A bird of song flies straight to the heart when it sings, and the four matriarchs of song melt my heart each time I hear them sing, even if it is only in record.

Thandie Klaasen (nee Mpambane) was born sometime in the early 1930s (the dates as to her birth are ambiguous, place her date of birth sometime in 1930/1931) and grew up in the multi-racial suburb of Sophiatown, the daughter of a shoemaker and a domestic worker.

She discovered her capacity and love of singing in her family church as a young girl. It was a talent that was made all the more promising by the fact of her beauty and the possibilities provided by the unfolding cultural renaissance taking shape in multi-faceted Sophiatown at the time.

The scene was alive and The Drum writers were articulating a literary equivalent to the music.

Stars such as Louisa Emmanuel, Thoko Thomo and her group the Lo Six, as well as “blues queen” Emily Kwenane, were paving the way for young black singers like Klaasen.
It is said that Sis Peggy’s Shebeen and Back of the Moon, with their tragicomic mix of binge drinkers and police raids, provided perennial drinking holes.

This is the era of the Harlem Swingers, the Manhattan Brothers and similar male-led bands. It is said that defiant Klaasen was unimpressed with the almost exclusive dominance enjoyed by these “boy bands”, and in a kind of feminist intervention, she formed all-female vocal quartet the Quad Sisters (they were a hit).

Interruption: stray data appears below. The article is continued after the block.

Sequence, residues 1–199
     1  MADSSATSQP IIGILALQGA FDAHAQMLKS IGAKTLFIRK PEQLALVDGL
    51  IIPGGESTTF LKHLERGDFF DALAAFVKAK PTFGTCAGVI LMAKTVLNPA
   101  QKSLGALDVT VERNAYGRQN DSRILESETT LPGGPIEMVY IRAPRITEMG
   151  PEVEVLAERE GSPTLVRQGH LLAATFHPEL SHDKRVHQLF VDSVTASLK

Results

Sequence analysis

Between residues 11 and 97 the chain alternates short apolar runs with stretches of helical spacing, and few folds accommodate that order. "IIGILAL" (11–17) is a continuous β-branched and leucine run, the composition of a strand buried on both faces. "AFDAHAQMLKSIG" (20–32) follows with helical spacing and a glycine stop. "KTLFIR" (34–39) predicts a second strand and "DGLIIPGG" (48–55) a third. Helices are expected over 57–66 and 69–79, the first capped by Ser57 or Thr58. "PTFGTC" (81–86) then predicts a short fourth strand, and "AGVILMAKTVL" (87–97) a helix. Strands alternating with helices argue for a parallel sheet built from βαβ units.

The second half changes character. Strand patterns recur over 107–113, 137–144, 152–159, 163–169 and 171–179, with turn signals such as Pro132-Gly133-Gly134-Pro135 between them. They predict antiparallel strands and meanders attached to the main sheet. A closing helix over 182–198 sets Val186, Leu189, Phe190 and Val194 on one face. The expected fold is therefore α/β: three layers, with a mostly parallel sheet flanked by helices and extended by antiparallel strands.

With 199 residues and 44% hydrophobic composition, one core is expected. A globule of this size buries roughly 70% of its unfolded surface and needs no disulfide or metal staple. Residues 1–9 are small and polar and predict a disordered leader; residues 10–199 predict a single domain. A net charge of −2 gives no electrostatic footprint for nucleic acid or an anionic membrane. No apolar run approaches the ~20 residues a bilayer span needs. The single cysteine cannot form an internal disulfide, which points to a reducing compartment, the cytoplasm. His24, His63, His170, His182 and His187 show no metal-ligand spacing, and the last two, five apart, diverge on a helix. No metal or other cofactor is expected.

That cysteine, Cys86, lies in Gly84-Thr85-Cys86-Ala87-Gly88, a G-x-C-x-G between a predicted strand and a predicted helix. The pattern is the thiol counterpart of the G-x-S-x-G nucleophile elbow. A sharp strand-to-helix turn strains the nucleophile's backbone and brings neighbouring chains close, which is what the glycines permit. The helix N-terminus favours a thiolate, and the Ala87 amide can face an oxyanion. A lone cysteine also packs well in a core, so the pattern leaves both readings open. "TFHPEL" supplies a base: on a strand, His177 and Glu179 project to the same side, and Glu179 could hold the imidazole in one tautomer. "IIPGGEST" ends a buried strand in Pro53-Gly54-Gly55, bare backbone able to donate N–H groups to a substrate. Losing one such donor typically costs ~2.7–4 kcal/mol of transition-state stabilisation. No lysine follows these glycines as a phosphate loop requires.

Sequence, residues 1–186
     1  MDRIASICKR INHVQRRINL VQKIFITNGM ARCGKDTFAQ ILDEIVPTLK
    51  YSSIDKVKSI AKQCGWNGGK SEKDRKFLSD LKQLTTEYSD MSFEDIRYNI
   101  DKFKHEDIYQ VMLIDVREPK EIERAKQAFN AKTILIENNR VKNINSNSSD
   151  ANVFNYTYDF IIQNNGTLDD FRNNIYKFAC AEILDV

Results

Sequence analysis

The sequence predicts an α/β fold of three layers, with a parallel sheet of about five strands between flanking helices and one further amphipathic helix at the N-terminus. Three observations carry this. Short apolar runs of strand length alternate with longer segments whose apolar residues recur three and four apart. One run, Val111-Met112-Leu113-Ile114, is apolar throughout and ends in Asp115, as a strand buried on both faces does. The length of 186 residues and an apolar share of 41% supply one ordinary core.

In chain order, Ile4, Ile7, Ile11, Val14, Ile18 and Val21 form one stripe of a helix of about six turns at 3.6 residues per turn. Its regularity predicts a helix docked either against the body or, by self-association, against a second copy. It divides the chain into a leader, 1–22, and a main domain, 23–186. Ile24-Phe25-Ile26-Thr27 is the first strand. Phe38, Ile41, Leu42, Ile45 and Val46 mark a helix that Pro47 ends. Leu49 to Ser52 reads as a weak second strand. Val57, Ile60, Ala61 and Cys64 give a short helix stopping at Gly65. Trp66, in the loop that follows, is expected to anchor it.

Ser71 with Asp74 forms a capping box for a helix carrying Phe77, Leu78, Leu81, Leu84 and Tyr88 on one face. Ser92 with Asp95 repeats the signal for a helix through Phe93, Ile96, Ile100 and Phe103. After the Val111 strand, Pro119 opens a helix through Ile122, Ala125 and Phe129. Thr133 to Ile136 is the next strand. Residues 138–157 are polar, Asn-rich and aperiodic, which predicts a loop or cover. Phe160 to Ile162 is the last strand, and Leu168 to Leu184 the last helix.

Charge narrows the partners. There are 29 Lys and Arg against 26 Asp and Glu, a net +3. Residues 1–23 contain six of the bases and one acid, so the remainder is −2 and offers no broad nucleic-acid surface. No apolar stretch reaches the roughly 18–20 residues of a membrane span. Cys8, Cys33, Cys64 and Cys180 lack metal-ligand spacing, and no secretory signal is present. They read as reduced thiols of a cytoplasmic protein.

In 1952 their song Carolina Wam’ was all the rage. It confirmed her as a legitimate star. In fact, Klaasen’s group paved the way for the young Miriam Makeba and her girl group, the Skylarks.

Klaasen’s rising star saw her work with Alfred Herbert’s African Jazz and Variety on a number of shows.

Her career as a singer and dancer that began in the 1950s would in 1961 see her form part of the London cast of King Kong, the iconic musical theatre production that was a lifeline to many pioneers of South African music.

Devised by Todd Matshikiza and Harry Bloom, the production launched many of the era’s stars as international performers, including Miriam Makeba and Dolly Rathebe, Dorothy Masuka, and others.

It would be a career that would span well over 50 years in entertainment and establish Thandie as the only one of the old school who was proud to speak in Ekasi lingo, a mix of languages that is kin to the popular Tsotsitaal.

One can well tell from the interviews that Ms Klaasen was always street smart, she switches from the formal to the informal with the ease of a master weaver switching threads to spin a beautiful piece of fabric, and in this instance, it is the fabric of the various languages of Southern Africa and the world she spins in her music.

It has been said by close musical friends like Dorothy Masuka that Thandie would often never bother to read the lyrics on a score; because she could create her own better lyrics in prompt on stage: and this is a reflection of her resilience. She could move well with the contours of a composition whilst still maintaining her credo; doing things her way as sung by the legendary Frank Sinatra in the masterpiece My Way which she covered. I saw her rendition of Louis Armstrong’s Wonderful World and I was wowed! No wonder Nelson Mandela loved to hear her sing that tune.

Even though Thandie Klaasen died from pancreatic cancer on the 15th of January 2017, aged 86, one cannot ignore the fact that she has had a positive influence on a lot of people who cannot accept the state they are in.

\She wore her scars with pride and in the process proved that hitches in time should not mean the end of the stitching of the fabric of time; we are what we are, and that is the way it is going to be, so Bob Marley says.